Review of Manuel Borutta and Nina Verheyen (eds.), Die Präsenz der Gefühle: Männlichkeit und Emotion in der Moderne [The Presence of Emotions: Masculinity and Emotion in Modernity]
Recently, the social sciences have found a new interest in the history of emotions. This "emotional turn," as this epistemological shift has been called, examines the efficacious and contagious role of emotions in historical and socio-political processes. No longer is it assumed that modernity was born of a marriage of rational thinking and technological progress that marginalized and repressed the affective dimension of social life, but rather that it transformed and cultivated particular emotional expectations of its subjects, assigning to men and women different emotive qualities. The common perception that modernity imposed emotionless behavior on men and emotionality on women is, in the volume under review, both affirmed (by tracing it to the emerging bourgeois subject of the 1800s) and also critically evaluated. To claim that a gender-dualistic view of emotional attributions sufficiently characterizes modernity is, according to the volume's overall thesis, the result of failing to see that gender-duality is itself the result of particular historical processes. It is not so much that men in modernity are asked to renounce emotions than to embody particular emotional virtues which, as they transform over time, may be reduced to a narrow range of choices or subjected to specific social regiments. Modernity may have led to the impoverishment of men's emotional choices but it also has eventually given way to a wider range of expressiveness.
In Die Präsenz der Gefühle, the narrowing and widening of male affective expressiveness, both in the public and private realms, is illustrated by focusing on German history from the 1800s to the 1990s. While displaying emotional sensitivity was expected of men in early bourgeoisie, such an affective repertoire underwent a significant contraction in the late nineteenth century and eventually peaked in the habitus of "Sachlichkeit" of the early twentieth century. "Sachlichkeit," which might best be translated as a cold, functional, objective matter-of-factness, describes the behavior of the generations of men from 1914 to 1945. These are the men who fought, endured and witnessed two World Wars. As a masculine ideal, the "sachliche" generation found its most violently criminal outlet in the communal and emotional bonds of "Kameradschaft" (camaraderie) during the Second World War.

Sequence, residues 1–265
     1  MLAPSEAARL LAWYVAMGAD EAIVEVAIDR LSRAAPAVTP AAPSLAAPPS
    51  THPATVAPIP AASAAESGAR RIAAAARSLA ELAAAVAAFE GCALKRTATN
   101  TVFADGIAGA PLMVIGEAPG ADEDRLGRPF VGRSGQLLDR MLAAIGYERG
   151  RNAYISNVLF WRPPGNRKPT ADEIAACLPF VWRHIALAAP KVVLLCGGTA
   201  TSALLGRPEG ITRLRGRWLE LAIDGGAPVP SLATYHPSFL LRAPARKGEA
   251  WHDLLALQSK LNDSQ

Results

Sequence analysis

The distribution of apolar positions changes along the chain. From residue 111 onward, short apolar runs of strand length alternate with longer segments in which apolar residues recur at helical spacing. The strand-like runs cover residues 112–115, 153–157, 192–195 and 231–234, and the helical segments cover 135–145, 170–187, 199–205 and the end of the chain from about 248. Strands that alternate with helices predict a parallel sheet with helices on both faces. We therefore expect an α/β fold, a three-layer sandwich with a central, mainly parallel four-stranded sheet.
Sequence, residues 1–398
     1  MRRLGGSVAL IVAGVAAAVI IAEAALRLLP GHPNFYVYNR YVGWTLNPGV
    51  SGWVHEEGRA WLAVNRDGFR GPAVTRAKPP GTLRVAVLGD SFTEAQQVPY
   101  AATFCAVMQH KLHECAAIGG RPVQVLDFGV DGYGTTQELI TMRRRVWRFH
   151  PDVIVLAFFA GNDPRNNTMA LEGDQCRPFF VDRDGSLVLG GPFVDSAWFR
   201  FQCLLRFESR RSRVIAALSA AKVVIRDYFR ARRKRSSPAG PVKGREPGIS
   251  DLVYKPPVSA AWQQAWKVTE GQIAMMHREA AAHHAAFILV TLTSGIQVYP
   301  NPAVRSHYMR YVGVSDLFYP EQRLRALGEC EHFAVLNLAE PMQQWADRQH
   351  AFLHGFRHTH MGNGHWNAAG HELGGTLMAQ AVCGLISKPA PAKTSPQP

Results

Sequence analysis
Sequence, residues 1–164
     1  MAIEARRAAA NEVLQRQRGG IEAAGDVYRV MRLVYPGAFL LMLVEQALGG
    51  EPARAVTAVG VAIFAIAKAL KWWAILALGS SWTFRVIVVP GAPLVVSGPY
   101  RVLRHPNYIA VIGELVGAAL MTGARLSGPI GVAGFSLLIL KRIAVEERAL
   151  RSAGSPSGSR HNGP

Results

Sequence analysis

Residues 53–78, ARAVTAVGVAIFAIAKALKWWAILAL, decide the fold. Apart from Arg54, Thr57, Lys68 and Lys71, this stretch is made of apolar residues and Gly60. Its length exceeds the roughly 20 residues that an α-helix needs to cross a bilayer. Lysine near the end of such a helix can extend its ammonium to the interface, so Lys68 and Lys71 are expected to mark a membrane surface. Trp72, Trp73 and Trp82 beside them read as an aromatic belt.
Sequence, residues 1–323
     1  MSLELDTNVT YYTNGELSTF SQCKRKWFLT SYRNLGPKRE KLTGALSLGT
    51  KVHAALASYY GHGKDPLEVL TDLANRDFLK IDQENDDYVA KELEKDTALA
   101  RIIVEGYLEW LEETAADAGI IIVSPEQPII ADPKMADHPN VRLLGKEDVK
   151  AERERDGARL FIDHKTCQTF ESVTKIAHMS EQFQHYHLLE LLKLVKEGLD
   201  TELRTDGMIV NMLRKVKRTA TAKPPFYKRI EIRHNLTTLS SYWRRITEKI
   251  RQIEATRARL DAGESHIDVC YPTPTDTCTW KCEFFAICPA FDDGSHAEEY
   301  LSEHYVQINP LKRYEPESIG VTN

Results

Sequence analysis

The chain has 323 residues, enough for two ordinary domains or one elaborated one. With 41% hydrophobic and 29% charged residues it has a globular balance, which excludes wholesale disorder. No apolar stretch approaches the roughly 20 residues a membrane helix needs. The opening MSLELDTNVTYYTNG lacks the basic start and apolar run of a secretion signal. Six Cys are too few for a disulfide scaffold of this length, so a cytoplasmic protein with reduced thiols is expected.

Most of the chapters of Die Präsenz der Gefühle go back to a 2007 conference of a working group on history and theory; hence, it is not surprising that most contributors are historians by training and profession, with a few authors coming from the fields of sociology, ethnography, religious studies, philosophy and educational sciences. The bulk of the volume consists of analyses of particular milieus and rhetorical situations in German history, probing the intersectionality of [page 115]masculine/gender theory and the history of emotions. Although the volume is very important for those who study German cultural history, scholars interested in critical issues of masculinity will—if they are able to read German—greatly benefit from working through these pages: for not only do the 13 chapters provide valuable insight into the generations of men that so shaped the darkest period of mid-twentieth century European history, but they also sparkle with theoretical sophistication.
The opening paragraph of the Foreword is worth quoting in length, for it establishes the framework for this fine volume.